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Why Ministries and Organizations Suffer & How to Stop the Pain, (Part One)

Posted by: In: From the Fellowship 18 Mar 2012 Comments: 0 Tags: , , , , , , , , , ,

by Dr. David Robinson

(Part One)

Some call it active inertia, founders’ syndrome or just stuck in the past.  Whatever you call it, get it fixed or your organization dies at worst or is ineffective at best.  In 1900, the Fortune 100 companies, the best of the best, in 2000 only two remained.  What happened to 97 of the top companies just 100 years later?  I believe they suffered from one of the aforementioned diseases.

Like most organizations, by the second or third generation, they are over managed and under led.  How many marketplace companies, churches or Christian organizations do you know one-hundred years old or older?  It happens in any organized effort that involves humans.

Symptoms of the Illness

  • No longer growing and/or losing members.
  •  Do not know how to move from entrepreneurial-style leadership to well-planned and strategically led style.
  • Weak or absent strong administrative structure.
  • Founder’s leadership style of highly reactive and individualistic needs to change.  Strong resistance to proactive, consensus-oriented style.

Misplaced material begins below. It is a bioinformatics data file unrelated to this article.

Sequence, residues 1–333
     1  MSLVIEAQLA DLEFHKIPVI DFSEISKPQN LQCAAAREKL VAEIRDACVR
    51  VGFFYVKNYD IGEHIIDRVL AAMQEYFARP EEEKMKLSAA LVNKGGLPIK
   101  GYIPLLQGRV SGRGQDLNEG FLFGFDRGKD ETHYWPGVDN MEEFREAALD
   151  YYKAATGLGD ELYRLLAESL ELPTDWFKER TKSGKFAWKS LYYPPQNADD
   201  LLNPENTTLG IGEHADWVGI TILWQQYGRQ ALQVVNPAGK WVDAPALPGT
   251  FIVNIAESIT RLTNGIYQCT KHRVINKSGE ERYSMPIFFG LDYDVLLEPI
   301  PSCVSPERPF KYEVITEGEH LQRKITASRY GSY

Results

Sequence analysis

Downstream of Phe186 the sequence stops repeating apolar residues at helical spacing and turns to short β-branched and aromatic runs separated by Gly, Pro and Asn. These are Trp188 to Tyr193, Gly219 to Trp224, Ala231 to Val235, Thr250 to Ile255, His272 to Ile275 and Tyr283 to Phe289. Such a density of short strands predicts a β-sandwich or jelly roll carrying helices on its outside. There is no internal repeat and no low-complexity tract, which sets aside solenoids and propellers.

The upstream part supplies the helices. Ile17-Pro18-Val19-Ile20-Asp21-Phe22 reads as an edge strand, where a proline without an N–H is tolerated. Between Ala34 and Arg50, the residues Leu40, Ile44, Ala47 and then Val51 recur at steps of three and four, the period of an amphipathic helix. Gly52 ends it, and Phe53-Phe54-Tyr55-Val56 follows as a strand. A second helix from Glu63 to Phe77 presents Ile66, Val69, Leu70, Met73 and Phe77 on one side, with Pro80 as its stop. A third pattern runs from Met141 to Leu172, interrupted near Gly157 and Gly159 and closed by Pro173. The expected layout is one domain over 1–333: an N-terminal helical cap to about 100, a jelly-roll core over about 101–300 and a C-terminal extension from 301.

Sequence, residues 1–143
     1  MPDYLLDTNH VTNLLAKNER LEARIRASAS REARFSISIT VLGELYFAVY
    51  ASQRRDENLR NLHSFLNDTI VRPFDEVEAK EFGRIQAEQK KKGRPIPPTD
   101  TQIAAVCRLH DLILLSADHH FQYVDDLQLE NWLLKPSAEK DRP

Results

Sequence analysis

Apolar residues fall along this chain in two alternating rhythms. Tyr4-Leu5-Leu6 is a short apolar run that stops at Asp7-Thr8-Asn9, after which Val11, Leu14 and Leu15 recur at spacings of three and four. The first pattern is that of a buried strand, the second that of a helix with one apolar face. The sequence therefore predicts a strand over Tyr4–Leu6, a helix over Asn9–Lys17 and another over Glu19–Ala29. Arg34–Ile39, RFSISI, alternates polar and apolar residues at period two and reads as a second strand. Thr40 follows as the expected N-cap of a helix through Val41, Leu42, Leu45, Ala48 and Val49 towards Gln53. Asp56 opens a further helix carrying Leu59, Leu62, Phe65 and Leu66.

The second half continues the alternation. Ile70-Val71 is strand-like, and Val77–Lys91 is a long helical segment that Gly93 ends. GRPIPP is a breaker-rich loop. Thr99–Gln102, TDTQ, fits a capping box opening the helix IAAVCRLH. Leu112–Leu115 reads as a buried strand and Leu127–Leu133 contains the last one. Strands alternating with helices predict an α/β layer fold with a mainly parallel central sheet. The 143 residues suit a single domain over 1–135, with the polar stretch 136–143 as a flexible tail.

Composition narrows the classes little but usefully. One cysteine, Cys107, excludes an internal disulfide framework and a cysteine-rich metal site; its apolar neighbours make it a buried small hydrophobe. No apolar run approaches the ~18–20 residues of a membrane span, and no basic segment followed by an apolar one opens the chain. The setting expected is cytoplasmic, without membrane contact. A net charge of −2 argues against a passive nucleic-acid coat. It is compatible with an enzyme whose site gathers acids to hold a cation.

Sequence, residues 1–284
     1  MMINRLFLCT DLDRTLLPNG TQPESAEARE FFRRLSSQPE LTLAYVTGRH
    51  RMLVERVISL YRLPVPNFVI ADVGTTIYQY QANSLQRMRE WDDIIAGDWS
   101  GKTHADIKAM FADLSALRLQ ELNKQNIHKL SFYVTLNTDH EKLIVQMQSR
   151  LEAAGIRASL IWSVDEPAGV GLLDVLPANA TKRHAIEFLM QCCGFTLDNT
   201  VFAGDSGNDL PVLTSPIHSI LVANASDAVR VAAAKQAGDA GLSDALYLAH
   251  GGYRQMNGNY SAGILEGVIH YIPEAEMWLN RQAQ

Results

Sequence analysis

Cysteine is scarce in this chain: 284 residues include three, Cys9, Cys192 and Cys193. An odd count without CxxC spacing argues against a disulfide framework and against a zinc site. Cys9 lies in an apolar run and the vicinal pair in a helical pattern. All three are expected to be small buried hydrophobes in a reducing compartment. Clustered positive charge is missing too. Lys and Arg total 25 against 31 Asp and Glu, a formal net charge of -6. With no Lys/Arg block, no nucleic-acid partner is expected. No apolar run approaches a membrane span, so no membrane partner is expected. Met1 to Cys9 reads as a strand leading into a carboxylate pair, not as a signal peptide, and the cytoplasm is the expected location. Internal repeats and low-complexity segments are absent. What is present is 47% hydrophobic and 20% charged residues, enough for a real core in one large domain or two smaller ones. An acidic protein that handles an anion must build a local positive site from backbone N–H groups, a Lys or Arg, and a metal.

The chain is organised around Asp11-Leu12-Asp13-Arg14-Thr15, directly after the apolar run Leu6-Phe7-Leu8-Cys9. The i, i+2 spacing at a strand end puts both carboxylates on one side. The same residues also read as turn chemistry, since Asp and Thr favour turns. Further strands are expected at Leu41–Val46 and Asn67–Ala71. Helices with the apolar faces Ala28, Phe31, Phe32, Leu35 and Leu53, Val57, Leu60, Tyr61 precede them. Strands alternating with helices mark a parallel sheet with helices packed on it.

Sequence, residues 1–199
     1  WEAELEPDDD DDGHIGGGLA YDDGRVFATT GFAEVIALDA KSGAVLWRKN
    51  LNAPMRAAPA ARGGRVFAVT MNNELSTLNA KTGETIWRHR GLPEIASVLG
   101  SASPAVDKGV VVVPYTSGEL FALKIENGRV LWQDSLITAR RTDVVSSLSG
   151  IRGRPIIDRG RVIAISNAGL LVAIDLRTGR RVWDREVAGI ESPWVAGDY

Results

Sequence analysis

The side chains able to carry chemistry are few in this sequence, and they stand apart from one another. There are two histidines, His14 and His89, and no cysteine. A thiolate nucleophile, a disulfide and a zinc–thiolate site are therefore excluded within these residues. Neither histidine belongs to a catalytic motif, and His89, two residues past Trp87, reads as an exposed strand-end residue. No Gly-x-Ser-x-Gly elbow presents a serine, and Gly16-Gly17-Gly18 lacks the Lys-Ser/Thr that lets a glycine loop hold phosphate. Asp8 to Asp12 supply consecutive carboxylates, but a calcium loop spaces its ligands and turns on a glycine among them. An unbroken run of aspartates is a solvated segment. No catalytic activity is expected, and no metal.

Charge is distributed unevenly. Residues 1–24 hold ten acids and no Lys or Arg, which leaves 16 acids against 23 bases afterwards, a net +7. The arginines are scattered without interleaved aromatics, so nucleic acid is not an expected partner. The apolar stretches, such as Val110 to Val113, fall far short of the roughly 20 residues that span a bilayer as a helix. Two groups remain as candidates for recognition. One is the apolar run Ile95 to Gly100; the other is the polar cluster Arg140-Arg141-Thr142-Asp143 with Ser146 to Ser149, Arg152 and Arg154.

• Experiencing the same recurring problems.
    • Plans not implemented or seldom succeed.
    • Money and resources scarce.
    • Unhealthy turnover in board members and staff.
    • Move from one crisis to another.
    • Lack of clarity about what’s happening by those who should know.
    • Support base shrinking.
    • Leadership increasingly anxious and defensive.

Traits of Unhealthy Organizations

  • Founding group is dynamic, driven and decisive.  However, these traits now a liability instead of an asset unless they become “mission-minded” instead of remaining entrepreneurial.
  • At organization’s beginning, leadership’s vision was clear.  Leadership was strong, well-connected, and knew the needs of their members.  These strengths diminishing or no longer exist.
  • Leadership is skeptical about planning, policies and procedures.
  • Reactive, crisis-driven decisions are the norm and not the exception.
  • Believe success solely based on more money and body counts.
  • Board spends majority of its time managing the present, not developing strategies for the future.
  • New leaders feel they are serving the founders more than the mission and vision through an exciting current strategy.
  • Charismatic personalities rather than the mission, vision and values attract new board members, leaders and members.  What gets you involved must keep you involved or you drop out.
  • Cannot let go of, “We’ve always done it this way – why change?”
  • Organization is still personality driven – not process driven.

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